The Child is his now.
In a more technical sense, Din supposes the Child had always been his, in a way; it was the reason, after all, for his abrupt decision to go rogue from the Guild in the first place. He would certainly not have done that if he did not consider, even in the slightest, the Child to be his own. But it’s official now. They are a clan of two, and—
There’s a coo from behind him, and three tiny fingers grasping at his armor.
“Alright, come on.” Din grabs the hood of the foundling’s robe, lifting it up with ease, and sets it next to the pilot’s seat. “But don’t touch anything. I mean it.”
This command, he has learned over the course of the last few weeks, is a fruitless one. Still, he says it anyways, and the Child merely stares at him as it leans forward, pressing against a lever on the control panel, ripping the small metal ball off again. Din ignores this.
It isn’t until the ball clatters to the floor of the Razor Crest, followed by a squeaky, distraught wail, that Din sighs in exasperation. He watches through his helmet as the Child shuffles back, dropping down to the floor itself to scoop up it’s toy-that-isn’t-a-toy.
“Hey!” His voice comes out grumbled and the Child peers up at him. “Get back up here, it’s dangerous for you to be-”
Din’s head snaps over so fast there’s a painful jolt that goes through the back of his neck. When he looks back, the Child is merely cooing again, big black eyes gazing up at him innocently.
“What did you just say?”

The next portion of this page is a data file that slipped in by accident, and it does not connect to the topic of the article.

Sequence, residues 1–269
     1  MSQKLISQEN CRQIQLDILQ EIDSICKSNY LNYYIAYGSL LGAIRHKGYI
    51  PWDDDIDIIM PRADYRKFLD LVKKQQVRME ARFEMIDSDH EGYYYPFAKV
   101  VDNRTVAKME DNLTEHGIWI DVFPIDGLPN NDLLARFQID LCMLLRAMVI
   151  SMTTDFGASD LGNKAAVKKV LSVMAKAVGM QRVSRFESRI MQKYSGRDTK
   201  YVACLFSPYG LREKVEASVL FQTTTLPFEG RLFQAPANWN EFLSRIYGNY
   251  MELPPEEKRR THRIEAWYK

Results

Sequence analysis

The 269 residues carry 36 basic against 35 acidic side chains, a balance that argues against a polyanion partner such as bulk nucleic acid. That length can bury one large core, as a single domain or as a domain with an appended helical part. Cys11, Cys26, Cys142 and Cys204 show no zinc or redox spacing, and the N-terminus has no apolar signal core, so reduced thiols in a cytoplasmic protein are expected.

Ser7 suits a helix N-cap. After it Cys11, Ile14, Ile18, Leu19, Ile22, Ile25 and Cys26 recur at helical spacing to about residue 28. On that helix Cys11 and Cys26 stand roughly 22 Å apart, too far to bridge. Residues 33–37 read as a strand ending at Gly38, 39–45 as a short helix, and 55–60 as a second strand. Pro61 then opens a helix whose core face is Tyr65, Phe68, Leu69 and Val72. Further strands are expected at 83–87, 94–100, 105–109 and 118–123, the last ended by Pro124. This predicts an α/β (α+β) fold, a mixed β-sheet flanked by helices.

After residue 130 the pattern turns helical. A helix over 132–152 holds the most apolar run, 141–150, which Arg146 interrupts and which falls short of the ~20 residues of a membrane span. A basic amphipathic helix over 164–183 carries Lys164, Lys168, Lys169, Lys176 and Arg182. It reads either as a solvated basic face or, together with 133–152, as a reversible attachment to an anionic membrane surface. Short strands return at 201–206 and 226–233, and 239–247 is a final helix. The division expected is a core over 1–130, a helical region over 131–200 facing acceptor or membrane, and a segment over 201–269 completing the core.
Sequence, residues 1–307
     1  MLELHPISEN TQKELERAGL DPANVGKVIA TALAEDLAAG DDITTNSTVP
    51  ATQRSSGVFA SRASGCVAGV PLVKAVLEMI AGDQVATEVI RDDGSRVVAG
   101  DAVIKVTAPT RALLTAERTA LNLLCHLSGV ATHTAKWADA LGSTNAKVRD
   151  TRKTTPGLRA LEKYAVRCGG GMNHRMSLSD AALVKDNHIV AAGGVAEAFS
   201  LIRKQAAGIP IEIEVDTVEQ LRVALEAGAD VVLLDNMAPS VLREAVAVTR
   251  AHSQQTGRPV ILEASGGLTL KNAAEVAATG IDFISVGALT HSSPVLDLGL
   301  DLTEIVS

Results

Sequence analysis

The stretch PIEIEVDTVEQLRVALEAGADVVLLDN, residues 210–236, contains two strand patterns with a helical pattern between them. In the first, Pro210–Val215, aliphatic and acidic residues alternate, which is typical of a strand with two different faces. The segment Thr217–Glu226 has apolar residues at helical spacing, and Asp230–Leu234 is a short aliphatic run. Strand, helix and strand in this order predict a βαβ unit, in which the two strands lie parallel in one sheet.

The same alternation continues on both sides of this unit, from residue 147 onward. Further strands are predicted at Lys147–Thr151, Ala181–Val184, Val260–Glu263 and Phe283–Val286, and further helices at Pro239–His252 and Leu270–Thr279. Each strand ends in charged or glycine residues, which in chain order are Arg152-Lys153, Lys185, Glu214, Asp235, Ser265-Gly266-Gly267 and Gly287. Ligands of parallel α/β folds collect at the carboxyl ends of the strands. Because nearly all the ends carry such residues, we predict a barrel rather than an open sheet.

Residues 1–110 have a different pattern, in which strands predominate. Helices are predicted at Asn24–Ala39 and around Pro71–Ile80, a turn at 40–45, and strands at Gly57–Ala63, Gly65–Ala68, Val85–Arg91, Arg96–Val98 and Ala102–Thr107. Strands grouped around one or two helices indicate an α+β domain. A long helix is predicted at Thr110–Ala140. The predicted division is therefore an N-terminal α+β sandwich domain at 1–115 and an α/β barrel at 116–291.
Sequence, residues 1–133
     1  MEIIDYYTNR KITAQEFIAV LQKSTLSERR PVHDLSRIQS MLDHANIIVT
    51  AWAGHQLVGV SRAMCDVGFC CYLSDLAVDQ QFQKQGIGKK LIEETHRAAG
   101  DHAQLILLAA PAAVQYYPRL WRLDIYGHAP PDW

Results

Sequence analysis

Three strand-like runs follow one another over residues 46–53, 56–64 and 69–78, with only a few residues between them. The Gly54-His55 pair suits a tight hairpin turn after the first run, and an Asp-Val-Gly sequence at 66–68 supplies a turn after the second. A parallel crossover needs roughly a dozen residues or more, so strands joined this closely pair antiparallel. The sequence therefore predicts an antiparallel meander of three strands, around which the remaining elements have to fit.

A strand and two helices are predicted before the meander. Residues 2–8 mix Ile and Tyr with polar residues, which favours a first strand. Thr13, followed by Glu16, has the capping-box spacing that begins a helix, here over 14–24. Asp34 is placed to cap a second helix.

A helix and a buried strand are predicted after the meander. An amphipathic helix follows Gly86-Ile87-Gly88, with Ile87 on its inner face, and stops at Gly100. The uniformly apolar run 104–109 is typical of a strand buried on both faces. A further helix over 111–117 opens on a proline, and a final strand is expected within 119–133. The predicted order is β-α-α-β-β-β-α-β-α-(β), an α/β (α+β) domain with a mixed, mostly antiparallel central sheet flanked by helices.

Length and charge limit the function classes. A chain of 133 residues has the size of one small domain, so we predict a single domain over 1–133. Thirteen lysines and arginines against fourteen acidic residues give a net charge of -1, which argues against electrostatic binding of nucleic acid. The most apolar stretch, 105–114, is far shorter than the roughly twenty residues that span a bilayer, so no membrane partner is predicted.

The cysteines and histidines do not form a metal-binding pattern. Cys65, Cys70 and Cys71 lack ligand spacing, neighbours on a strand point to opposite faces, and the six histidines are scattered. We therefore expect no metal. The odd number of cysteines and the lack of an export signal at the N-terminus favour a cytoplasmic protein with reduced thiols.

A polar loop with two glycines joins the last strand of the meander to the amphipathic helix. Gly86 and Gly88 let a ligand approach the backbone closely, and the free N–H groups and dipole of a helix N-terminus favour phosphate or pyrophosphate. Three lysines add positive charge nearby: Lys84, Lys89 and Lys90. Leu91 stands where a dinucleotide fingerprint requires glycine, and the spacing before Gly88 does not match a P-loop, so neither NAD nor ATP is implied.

The Child stares at him. Says nothing. Had it just been a figment of his imagination? Perhaps his head has not healed as well as IG-11 had assured him it would. He grunts and turns back, focusing on the dusty skies and sand dunes around them, but he cannot help but glance back at the foundling sitting happily on the floor of the ship, the metal ball rolling between tiny green hands.
He must have just imagined it.
But— no. The Child speaks again just a few minutes later, and Din’s head spins.
“Eat this?” it asks.
The metal ball is no longer a toy. It is in the Child’s mouth now, and he has to release one of the controls to reach over, wrestling the ball out of its mouth and replacing it on the lever.
“Eat this?” It’s one of the switches now, one that it must have ripped from the control panel when he wasn’t looking.
He snatches it away. “No!”
There’s a beat of silence, and he focuses back on flying. Tries to ignore the way his heart still pounds at the Child’s first word.
Then, “Eat this?”